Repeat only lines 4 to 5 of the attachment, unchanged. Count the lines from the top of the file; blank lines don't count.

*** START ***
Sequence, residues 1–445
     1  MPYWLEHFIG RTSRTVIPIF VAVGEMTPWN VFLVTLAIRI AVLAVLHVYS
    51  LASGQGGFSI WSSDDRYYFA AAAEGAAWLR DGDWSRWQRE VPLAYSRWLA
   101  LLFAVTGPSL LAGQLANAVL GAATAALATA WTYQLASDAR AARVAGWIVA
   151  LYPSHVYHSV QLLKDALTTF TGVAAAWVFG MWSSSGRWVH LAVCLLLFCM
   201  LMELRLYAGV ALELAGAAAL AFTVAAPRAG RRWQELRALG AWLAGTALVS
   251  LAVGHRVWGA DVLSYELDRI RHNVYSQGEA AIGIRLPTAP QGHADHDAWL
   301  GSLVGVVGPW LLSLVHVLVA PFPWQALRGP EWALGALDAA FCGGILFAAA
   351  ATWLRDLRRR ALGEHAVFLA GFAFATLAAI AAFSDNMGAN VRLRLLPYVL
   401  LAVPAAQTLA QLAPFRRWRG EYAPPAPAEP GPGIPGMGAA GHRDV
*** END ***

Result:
   101  LLFAVTGPSL LAGQLANAVL GAATAALATA WTYQLASDAR AARVAGWIVA
   151  LYPSHVYHSV QLLKDALTTF TGVAAAWVFG MWSSSGRWVH LAVCLLLFCM